UPDATED This is how a good government bill dies at the Hawaii Legislature:

A measure supported by a majority of House and Senate members makes it through both chambers, but the two bodies can’t agree on language.

Then, during the conference committee period at end of session — when the public cannot testify directly on proposed drafts to legislation — one chamber suggests changes to the bill that the other chamber doesn’t like.

Such was the case of Senate Bill 66, which called for making public the financial disclosure statements of members of powerful state boards and commissions. It’s one of the so-called FrankenBills that Civil Beat reported on Wednesday.

Despite the death of SB 66, which was deferred indefinitely (although it could still be revived … just like Frankenstein), several good government measures remained alive as lawmakers faced deadlines Thursday and Friday.

Fair Treatment Exemptions

What happened to SB 66?

Currently, only the financial disclosure statements of the governor, lieutenant governor, legislators and state department directors and their deputies are public records. SB 66 suggested adding members of the Land Use Commission, the Board of Land and Natural Resources, the Hawaii Labor Relations Board and the Commission on Water Resource Management.

The measure received testimony in support from the Hawaii State Ethics Commission, the League of Women Voters of Hawaii, Life of the Land, Americans for Democratic Action of Hawaii and 27 individuals. Only the General Contractors Association of Hawaii and one individual submitted opposition testimony.

But on Thursday, House and Senate conferees could not come to agreement on exactly which boards and commissions the law would apply to, and on language that proposed changes to how the fair treatment section of the state Ethics Code applies to legislators.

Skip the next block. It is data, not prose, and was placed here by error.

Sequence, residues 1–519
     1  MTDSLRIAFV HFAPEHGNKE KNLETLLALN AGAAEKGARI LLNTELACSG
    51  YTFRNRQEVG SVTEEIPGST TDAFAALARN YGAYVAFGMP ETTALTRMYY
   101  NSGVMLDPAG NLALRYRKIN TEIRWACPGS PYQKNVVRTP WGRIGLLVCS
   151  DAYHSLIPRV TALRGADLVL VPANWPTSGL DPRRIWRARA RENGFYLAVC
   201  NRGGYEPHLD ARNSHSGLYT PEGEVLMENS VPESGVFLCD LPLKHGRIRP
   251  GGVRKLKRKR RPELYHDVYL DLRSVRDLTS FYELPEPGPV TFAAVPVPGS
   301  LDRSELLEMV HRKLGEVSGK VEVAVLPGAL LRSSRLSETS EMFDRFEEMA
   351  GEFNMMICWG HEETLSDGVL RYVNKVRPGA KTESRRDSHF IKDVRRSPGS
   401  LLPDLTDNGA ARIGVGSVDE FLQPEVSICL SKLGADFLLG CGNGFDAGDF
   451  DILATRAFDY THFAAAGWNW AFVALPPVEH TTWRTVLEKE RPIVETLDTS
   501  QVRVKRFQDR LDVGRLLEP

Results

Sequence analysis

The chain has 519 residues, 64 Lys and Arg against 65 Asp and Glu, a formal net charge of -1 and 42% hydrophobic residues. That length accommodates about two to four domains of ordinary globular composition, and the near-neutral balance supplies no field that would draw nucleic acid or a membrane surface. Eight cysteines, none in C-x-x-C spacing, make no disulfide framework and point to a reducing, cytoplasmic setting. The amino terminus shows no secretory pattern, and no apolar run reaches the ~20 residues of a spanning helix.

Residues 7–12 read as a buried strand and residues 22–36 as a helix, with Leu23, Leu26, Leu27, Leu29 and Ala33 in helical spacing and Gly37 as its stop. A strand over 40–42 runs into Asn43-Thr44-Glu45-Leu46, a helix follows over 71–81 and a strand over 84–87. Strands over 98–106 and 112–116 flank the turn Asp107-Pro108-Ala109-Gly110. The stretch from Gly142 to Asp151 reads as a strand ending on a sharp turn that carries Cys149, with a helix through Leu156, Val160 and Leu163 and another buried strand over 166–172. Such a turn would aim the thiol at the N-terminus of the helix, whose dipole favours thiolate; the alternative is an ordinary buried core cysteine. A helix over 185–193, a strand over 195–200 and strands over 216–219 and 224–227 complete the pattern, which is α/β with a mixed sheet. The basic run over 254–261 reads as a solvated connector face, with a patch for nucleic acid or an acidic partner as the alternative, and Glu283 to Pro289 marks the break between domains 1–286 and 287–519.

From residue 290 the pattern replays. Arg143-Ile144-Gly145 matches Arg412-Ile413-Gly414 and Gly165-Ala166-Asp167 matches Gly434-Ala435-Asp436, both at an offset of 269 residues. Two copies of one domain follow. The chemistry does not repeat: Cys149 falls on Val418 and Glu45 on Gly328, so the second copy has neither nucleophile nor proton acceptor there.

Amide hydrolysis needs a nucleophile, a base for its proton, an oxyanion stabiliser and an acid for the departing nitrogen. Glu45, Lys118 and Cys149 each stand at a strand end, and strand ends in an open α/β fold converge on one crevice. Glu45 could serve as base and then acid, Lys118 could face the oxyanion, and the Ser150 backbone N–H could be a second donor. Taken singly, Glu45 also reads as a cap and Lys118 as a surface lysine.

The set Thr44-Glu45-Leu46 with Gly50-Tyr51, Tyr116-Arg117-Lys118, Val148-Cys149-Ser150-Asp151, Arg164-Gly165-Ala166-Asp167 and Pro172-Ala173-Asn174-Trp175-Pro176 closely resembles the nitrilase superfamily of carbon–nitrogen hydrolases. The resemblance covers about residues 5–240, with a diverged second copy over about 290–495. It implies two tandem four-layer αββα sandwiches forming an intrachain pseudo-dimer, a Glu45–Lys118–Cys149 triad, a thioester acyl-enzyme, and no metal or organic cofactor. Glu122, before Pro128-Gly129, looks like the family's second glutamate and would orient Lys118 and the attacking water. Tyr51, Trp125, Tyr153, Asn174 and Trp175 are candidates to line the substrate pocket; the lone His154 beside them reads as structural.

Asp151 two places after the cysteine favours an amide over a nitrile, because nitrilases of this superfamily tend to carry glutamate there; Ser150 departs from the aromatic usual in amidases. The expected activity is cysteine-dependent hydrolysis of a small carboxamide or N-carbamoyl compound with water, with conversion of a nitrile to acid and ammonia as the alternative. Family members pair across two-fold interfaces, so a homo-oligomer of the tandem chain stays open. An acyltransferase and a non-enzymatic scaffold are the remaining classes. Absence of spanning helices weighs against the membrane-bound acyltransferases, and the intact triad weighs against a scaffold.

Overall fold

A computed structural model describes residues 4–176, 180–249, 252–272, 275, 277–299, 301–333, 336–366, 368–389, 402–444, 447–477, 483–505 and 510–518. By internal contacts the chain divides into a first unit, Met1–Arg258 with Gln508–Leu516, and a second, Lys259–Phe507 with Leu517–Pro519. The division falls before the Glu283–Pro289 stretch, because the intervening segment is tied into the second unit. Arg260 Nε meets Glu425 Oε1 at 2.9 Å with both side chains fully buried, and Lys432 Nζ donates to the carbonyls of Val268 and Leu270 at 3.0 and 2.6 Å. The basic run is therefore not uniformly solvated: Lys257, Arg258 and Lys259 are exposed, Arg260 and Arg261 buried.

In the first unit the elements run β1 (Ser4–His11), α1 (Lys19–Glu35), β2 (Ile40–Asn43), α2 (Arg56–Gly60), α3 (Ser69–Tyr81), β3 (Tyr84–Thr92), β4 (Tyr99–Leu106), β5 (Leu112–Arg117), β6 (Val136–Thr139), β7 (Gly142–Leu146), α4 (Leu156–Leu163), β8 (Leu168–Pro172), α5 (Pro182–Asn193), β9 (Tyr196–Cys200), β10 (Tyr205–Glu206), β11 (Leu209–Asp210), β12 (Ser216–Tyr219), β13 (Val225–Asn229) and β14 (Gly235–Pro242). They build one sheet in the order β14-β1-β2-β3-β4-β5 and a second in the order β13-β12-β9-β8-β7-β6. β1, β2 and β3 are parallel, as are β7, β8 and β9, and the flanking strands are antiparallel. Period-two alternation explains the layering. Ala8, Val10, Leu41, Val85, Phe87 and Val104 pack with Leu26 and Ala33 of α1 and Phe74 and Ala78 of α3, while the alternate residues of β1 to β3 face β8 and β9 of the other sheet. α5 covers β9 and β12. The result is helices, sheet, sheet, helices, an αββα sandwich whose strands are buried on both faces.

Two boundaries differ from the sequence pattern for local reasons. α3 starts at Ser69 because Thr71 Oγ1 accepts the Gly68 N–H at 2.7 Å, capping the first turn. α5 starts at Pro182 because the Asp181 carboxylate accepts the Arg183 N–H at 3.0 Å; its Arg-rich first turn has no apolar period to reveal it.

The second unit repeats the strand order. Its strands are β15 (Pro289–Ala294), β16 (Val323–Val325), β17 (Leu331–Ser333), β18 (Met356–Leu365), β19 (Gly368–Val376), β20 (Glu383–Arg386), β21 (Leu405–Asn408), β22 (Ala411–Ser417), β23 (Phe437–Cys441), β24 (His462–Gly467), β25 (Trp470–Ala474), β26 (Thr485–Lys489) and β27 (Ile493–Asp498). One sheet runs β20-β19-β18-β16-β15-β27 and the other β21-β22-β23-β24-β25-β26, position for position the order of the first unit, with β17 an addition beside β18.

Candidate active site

The fair treatment section states that no legislator or state employee can use their office or official position to somehow benefit themselves and others, such as through awarding contracts, soliciting compensation or engaging in improper financial transactions.

Rep. Angus McKelvey, the House conference committee chair, said his members felt “pretty strong” about sticking with previous language in the bill, the version they had earlier voted on. But Sen. Clayton Hee responded that the bill would have to be “deferred indefinitely.”

SB 66 could still be pulled to the Senate floor for a vote next week, and may yet survive. And there is always next session.

Alive, Dead, In Transit

Good government measures that remain alive at the 2013 Legislature include House Bill 1132, which requires legislators to file a disclosure of financial interests with the Ethics Commission between Jan. 1 and Jan. 31 each year rather than in late May, when the legislative session is over.

The idea is to let the public see whether their lawmakers have any obvious conflict of interest with legislation that they are voting on.

Also alive is Senate Bill 827, which prohibits employers, unions and candidates from assisting voters with completing absentee ballots. SB 827 is intended to ensure voters are not intimidated into selecting candidates they don’t want to vote for.


Another measure intended to protect ballot integrity, House Bill 1027, didn’t make it; it wanted absentee ballot voters to sign a statement saying no one attempted to influence their vote. Fortunately, that language was inserted into SB 827.

Here’s yet another good measure moving along: Senate Bill 31, which would require PACs to disclose top contributors.

These four measures await Friday votes:

House Bill 1481, which sets up partial public funding of state House races.

Senate Bill 381, which changes the public funding formula for Big Isle county elections.

House Bill 632, which makes electronic government data available to the public.

House Bill 321, which allows for absentee polling place voter registration and on election day.

But Senate Bill 848, which requires a state employee or legislator to disclose all annual income that totals more than their annual salary if that source is a registered lobbyist or lobbying organization, died.

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